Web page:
The month of February is a peculiar one. It has never enjoyed the full status of having 30 or more days, and there is only really one day two weeks into the month that people see some excitement. Apart from Valentine’s day, there are no fireworks and joy nor tears to be shed.
This February however, Myanmar passed through a truly historical moment that began with the swearing in of its new Members of Parliament from the National League for Democracy party.
It is quite astounding to think that just 25 years ago, the entire country was held down by a tight grip of fear and military rule. Soldiers and tanks imposed curfews on the streets and the country was brought to a standstill.
Yet today, the country has made one of the biggest leaps in its entire history, becoming the first nation to peacefully transfer government power from what “The Democratic Index” of The Economist ranked the third most vicious dictatorial rule in 2007, into the hands of a political party that is led by a renowned Nobel Peace Laureate. To mark an even sweeter victory, this leader is a woman.
These recent reforms that have taken place, led by various civil society organizations and political parties from both left and right, Burmans and ethnics alike, are nothing short of applause-worthy. The people’s support to propel the momentum for change also compels eye-watering pride and admiration.
Nevertheless, the democracy of this country is still in its infancy, and has just started to take its baby steps towards a full flourishing system. In these times of joy and euphoria, it is necessary to remind ourselves of a more sobering thought, that Myanmar’s first steps to reach this goal in 1990 came tumbling down shortly after and there is no knowing what challenges lie ahead.
The most sobering of all is in knowing that the country’s democratic champion herself, Daw Aung San Suu Kyi, is not able to become president—although what she has accomplished is on par with pure miracle—despite having the clear support of the country’s majority. Yet, she is now bound to bear the entire weight of all of Myanmar’s problems on her shoulders. Critics from left and right are now free to blame her for every tiny fault in the country’s broken system.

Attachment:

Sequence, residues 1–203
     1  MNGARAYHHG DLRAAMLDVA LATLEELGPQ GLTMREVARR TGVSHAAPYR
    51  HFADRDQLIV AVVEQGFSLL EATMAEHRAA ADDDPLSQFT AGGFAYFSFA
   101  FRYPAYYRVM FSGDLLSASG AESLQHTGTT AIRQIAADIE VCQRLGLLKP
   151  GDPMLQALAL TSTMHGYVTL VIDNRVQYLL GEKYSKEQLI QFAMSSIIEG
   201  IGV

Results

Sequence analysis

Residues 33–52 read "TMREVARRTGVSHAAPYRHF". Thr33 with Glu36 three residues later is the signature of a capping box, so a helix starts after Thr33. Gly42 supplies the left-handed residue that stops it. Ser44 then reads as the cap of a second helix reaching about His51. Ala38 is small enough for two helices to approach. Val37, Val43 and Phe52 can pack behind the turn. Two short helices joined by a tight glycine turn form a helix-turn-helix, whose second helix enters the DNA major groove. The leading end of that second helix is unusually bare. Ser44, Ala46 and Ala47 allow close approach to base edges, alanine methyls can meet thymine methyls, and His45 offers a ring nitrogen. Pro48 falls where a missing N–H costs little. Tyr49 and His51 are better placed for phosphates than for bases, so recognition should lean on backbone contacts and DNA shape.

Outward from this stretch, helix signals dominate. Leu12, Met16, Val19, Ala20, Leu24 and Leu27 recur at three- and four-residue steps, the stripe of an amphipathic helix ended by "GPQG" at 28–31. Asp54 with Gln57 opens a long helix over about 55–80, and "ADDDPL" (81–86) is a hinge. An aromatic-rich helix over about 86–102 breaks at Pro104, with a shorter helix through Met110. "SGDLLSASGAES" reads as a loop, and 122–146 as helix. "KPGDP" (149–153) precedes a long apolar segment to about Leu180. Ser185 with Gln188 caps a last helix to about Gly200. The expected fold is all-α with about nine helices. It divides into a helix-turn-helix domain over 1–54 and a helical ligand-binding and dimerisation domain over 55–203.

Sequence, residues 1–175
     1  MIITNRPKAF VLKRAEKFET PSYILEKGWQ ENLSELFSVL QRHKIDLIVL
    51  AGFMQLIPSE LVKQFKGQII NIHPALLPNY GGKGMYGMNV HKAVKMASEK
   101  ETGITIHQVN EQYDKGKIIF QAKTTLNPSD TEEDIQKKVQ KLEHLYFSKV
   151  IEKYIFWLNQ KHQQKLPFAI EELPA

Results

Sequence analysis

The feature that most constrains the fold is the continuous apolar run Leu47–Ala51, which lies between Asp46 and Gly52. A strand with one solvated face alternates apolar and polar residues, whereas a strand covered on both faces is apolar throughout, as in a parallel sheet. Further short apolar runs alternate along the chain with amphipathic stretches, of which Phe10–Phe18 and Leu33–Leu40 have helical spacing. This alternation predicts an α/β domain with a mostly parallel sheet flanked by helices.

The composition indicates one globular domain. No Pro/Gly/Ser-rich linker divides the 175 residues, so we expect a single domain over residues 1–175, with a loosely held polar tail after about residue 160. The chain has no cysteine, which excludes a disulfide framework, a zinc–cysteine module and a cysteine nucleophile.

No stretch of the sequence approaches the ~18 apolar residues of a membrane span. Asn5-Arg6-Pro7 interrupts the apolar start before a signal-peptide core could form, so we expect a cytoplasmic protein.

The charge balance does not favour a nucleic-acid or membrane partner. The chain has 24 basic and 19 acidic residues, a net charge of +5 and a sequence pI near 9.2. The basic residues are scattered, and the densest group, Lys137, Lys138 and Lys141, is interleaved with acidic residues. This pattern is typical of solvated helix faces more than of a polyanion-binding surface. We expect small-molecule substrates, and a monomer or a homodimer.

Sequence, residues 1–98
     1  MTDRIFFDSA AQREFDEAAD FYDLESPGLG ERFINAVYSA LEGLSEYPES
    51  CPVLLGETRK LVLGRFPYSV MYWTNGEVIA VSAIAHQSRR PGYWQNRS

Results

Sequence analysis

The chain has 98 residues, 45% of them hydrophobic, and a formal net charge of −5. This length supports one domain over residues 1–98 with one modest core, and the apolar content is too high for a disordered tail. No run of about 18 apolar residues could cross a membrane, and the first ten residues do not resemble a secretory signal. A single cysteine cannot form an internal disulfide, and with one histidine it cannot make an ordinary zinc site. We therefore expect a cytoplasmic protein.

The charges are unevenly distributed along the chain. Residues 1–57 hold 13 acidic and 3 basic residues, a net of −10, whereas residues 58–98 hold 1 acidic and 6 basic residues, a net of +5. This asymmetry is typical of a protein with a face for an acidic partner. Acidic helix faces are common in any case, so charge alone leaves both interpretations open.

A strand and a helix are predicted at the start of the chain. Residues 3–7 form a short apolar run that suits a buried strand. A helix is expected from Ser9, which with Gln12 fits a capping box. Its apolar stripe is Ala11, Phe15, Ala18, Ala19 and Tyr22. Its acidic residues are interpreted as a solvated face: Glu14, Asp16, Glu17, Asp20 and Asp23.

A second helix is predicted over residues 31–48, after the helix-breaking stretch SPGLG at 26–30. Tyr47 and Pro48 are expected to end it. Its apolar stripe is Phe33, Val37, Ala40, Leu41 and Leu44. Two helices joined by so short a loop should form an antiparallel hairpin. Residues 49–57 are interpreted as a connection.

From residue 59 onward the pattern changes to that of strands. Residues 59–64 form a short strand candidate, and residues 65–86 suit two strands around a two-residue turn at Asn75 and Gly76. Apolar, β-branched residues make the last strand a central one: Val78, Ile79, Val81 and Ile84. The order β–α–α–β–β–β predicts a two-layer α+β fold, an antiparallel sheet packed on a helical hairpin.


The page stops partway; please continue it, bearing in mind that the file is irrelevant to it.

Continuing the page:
After seeing her go through most of my life in political imprisonment and house arrest, I have faith in Daw Suu’s resilience and courage to continue on, but I can only pray that the rest of the people can display the same on the road towards rebuilding our country.
When Barack Obama took office in 2008, the United States was in shambles – it had gone through a painful economic recession, and was currently involved in not just one but two costly wars in the Middle East. Like his slogan, there was much hope for change when he was sworn in, and an enormous amount of expectation resting on him. When the time came to run for his second term in 2012, Obama’s ratings from the public were significantly lower than before, and even his eyes were weary from taking the toll of constant debate within his Congress and from losing his supporters.
Myanmar has many sobering lessons to learn from this parallel. The country is rife with ethnic-religious tensions, and its economic state is even far worse. There is still no shortage of groups of people that have retained their privileges since the military days, and are eager to tear apart the public image of the NLD and will surely use it as a scapegoat with claims of incompetence and failure. There will be much criticism, foul-crying and expectation for problems to be solved overnight.
From this month onwards however, the world will witness the true beginning of Burma’s new chapter. It will be a long battle for the NLD as it not only inherits governmental powers, but also its problems. There is some comfort however, in knowing that the hardest hurdle has just been overcome, and the people need only continue unfailingly forward with this momentum.